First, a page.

Featured image: RHRN hosts Nitin Vengurlekar, Nancy Denis and Kween G with Uncle Wes. Photos by Johnny Barker.

RIGHT HERE RIGHT NOW includes five new commissioned artworks made in collaboration with 25 young and emerging artists from Western Sydney. Audiences are invited into arcades, restaurants and Blacktown’s iconic main streets and together share food from diverse local Persian, Ethiopian an Afghan restaurants.

RHRN is produced by Urban Theatre Projects in partnership with Blacktown Arts.   We had the opportunity to speak to Rosie Dennis UTP Artistic Director and RHRN Curator.

SAG:      It’s a pretty exciting project you’ve got there. I loved my time wandering around Blacktown with a bunch of strangers.
ROSIE:   It’s fun isn’t it?

SAG:      Have you had lots of people come through?
ROSIE:   Yeah look we have. I think we are already sold out on our Saturdays which is really great. The responses have been really great too.  That it’s a really unusual experience, that it feels really personal and also just really enjoying the street and having that kind of space between each work. People having a good night out.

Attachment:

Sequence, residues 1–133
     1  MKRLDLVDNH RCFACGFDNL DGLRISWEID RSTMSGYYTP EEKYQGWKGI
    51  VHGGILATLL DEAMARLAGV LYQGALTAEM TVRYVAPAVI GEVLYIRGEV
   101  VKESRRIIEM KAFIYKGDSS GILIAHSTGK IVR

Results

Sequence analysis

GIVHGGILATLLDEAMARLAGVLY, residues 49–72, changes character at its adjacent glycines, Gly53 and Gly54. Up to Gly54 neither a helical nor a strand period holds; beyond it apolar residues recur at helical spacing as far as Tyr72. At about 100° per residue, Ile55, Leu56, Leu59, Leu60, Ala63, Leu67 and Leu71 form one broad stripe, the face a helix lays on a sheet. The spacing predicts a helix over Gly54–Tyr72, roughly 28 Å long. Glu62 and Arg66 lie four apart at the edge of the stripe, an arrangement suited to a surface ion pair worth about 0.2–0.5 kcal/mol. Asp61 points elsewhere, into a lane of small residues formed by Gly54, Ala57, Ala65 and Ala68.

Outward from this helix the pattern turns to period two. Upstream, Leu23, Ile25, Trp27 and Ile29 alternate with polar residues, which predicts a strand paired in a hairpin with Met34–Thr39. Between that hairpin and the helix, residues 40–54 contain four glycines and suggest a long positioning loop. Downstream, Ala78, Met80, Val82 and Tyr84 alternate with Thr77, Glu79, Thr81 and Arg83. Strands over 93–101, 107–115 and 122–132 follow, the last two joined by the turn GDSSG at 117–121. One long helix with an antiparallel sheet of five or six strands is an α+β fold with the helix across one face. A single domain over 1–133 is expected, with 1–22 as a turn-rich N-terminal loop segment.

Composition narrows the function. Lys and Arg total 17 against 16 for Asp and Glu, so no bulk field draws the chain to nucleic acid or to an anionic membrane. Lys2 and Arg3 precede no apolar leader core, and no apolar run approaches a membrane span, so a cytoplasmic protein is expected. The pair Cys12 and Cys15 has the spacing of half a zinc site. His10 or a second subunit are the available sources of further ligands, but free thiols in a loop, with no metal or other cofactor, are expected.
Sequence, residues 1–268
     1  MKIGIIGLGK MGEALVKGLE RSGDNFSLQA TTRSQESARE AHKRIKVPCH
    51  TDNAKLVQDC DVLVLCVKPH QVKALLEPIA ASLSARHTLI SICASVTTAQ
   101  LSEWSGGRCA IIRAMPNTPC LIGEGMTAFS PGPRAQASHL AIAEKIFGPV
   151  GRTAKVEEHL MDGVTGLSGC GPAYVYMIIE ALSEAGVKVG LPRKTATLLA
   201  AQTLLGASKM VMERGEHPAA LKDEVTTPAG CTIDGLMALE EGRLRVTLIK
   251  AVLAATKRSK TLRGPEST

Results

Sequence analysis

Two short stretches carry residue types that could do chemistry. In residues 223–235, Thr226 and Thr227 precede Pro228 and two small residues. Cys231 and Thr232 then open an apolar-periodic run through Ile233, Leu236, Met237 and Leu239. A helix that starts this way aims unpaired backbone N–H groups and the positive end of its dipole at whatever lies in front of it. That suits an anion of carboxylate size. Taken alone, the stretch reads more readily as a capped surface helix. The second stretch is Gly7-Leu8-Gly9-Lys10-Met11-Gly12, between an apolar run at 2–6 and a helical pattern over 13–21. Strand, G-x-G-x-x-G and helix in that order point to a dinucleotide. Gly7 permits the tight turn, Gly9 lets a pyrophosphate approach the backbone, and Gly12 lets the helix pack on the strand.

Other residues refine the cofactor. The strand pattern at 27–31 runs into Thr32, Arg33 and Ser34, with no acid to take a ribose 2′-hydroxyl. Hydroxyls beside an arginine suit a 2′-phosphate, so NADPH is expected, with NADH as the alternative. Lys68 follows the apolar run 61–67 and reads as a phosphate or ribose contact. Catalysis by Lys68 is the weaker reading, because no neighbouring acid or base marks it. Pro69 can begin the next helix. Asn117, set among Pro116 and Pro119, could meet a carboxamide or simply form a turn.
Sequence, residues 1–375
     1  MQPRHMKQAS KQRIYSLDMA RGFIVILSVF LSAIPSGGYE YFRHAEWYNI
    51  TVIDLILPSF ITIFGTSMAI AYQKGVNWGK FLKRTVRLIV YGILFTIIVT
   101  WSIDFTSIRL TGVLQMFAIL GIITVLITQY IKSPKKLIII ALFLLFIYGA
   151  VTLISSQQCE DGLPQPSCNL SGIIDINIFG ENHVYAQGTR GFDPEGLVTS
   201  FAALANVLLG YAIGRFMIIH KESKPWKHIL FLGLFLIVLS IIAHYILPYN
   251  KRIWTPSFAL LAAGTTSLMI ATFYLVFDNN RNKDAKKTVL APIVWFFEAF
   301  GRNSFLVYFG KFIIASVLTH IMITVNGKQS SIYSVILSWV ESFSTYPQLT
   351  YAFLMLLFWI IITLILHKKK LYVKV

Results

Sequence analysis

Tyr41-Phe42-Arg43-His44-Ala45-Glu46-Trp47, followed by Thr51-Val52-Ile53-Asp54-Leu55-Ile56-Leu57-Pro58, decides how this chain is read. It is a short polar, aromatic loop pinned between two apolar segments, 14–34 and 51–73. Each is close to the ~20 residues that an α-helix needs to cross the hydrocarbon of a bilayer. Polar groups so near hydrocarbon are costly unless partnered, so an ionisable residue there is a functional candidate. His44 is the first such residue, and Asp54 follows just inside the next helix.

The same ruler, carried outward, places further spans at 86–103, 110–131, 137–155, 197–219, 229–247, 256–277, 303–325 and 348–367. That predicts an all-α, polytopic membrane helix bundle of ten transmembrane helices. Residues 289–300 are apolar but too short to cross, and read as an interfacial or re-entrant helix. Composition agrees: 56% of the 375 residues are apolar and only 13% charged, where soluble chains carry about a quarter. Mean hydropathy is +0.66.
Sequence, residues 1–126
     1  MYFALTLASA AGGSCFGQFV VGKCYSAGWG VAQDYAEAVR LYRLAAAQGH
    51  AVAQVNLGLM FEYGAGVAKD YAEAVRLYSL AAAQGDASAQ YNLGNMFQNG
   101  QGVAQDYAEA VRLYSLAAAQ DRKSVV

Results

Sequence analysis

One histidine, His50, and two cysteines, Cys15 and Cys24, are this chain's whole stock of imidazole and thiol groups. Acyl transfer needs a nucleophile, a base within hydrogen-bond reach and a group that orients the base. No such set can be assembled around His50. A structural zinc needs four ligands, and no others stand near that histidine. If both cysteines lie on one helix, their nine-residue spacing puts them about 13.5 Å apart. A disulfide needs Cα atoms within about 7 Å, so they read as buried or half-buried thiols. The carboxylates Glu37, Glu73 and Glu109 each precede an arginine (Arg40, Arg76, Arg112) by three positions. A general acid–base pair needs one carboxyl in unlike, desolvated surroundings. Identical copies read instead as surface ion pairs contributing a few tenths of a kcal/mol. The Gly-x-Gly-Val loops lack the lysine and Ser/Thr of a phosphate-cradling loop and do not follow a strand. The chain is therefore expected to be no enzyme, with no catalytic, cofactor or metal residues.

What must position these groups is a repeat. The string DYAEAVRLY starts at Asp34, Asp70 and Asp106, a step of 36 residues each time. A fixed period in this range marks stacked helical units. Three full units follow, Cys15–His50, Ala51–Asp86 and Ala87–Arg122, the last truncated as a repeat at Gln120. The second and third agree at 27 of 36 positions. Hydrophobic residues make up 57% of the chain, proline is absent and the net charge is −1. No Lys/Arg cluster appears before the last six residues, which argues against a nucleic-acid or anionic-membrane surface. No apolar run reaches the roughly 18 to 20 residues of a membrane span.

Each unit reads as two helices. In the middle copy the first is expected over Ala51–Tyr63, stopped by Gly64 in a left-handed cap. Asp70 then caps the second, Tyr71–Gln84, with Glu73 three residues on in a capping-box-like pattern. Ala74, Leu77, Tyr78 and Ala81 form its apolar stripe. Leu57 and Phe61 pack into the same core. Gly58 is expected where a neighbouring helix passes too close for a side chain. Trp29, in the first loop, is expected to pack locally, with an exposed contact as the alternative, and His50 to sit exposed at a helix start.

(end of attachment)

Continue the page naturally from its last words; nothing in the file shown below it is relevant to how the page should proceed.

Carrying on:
SAG:      I think your hosts have a lot to do with it as well.  I had Nancy Denis on my tour and she was just incredibly approachable and excited and warm and obviously loving the environment.  I spoke to some people from the other groups and their hosts were the same.
ROSIE:   Yeah I do think they’re incredibly important. When people come to a UTP show or experience they often say that they feel that we really thought of them in putting the whole experience together.  The hosts’ brief is at the beginning of the night to blow a big bubble and to just put it around the group and hold them in that bubble all night. And you want your group to fall in love with you by the end because you are going to want them to sing.

All the hosts are really different and interestingly the feedback is that everyone feels like they were on the right journey. Because the art works are experienced in different timelines, whatever sequence they have seems to suit the audiences. On Saturday night some said oh it was wonderful finishing off with dinner, or going to dinner after Uncle Wes and others said was really nice to go to ‘Nightline’ and then go to dinner.  So it’s really interesting that all the audiences seem to feel that their show on the night is how it supposed to be.